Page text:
IPPN Conference 2013
The annual Irish Primary Principals’ Network (IPPN) conference came to an end this weekend with the theme, “The Future is Now.” As always, there was an excellent mix of speakers including Michael D Higgins, the president of Ireland, and James Whelton, founder of CoderDojo. With over 1,000 principals gathered, one of the highlights of the event is the address from the Education Minister, Ruairi Quinn.
Quinn was not able to come to the conference for the first time in 6 years, due to a bereavement, so the Education Secretary read his address. The speech listed a number of initiatives that Quinn has and will be proposing to change the education system for the good. While secondary schools have already seen the fruits of these changes, there has been little in the media about the changes in primary level, many of which are excellent, some of which, as Seán Cottrell, IPPN executive director, described as “death by initiative.”
The first one is Aistear, a wonderful infant curriculum that is being rolled out in Ireland from pre-school up to senior infants. On top of this, the government will be publishing a new literacy programme for children up to 2nd class in September 2013. This will be very interesting and must be welcomed due to the difficulties with the current English curriculum. Another very welcome initiative that will be coming down the line is an Arts in Education Charter, which aims to ensure that all children have access to the arts and encourage creativity. Finally, the new anti-bullying measures are to be released this year. This list doesn’t include the recent SSE or literacy and numeracy improvement plan, so, yes, Cottrell’s assessment might well be valid.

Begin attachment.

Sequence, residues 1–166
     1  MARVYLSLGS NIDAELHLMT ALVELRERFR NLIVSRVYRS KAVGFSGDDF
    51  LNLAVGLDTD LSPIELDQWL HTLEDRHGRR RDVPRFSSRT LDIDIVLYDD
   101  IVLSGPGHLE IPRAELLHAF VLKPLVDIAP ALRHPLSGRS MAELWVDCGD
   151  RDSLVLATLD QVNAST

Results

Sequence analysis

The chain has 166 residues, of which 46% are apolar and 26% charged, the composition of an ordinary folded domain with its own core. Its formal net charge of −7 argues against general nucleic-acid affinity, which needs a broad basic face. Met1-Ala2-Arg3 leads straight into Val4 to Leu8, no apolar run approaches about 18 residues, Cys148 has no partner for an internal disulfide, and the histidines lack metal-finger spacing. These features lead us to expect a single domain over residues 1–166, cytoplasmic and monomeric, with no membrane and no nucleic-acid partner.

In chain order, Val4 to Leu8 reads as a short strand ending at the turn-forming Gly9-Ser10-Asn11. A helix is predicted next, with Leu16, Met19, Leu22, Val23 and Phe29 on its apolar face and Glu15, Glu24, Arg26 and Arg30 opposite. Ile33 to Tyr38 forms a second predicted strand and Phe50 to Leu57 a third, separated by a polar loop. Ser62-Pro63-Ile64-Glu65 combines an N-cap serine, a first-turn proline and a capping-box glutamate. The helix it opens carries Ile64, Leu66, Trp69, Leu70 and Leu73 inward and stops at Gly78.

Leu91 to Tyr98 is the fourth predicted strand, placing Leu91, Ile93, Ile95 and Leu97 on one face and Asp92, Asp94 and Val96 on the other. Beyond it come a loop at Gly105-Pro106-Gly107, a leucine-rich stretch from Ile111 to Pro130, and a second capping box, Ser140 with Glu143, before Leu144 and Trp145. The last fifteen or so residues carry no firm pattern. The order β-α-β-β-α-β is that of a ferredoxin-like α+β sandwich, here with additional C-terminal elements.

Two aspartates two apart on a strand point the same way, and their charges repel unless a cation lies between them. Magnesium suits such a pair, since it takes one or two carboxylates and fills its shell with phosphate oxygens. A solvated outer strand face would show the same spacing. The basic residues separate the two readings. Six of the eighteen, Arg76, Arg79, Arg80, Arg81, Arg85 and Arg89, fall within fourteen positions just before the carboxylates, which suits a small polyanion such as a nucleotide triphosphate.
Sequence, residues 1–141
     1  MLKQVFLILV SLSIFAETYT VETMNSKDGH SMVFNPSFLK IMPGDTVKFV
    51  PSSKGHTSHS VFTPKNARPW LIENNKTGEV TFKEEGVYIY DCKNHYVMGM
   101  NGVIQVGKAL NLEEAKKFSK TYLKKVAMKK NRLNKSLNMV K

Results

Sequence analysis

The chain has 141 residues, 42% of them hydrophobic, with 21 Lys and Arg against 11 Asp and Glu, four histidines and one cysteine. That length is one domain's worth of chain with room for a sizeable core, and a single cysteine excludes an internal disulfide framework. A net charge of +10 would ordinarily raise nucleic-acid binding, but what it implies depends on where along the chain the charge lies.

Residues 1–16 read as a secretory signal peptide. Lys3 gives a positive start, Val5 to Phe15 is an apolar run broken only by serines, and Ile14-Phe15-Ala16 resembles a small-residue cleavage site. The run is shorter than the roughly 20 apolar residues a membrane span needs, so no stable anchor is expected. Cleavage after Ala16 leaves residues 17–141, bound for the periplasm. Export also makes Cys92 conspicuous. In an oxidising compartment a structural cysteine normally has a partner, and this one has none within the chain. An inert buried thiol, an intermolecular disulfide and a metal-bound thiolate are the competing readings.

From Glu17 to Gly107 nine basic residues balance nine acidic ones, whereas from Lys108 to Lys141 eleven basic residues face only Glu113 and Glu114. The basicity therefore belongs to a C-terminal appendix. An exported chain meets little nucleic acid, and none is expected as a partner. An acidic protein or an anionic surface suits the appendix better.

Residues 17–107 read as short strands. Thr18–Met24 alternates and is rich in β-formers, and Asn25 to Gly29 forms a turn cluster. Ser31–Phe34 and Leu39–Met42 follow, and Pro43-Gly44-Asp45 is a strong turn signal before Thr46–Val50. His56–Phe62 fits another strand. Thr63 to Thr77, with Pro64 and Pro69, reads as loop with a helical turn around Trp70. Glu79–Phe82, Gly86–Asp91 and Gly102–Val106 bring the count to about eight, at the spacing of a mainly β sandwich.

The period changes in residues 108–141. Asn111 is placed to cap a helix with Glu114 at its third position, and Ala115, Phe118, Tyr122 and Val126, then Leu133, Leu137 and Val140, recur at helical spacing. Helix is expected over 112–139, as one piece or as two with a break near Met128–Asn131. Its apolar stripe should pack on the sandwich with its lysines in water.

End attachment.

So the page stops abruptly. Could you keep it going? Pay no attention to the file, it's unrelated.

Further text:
The Minister’s address also referred to the Forum on Patronage and Pluralism and the strongest hint of how this is going to work was revealed in that schools will be asked to amalgamate to open a new school in the chosen towns. For example, a Catholic boys’ and girls’ school will be asked to become a co-ed Catholic school and the empty building would become a multi-denominational school.
Most interestingly for me was the government’s plans to add new online services on top of the Online Claims System for administration and, at last, digitising the school roll book. In fact, this news is so interesting to me, I’m going to be writing an article about it on its own. I wrote about this topic about 3 years ago so it’s great to see it finally being acknowledged at government level.
While there was nothing particularly controversial about the Minister’s address this year, there’s a lot going to be happening in Ireland in the world of primary education. For principals and management bodies, it’s going to be difficult to juggle all of them.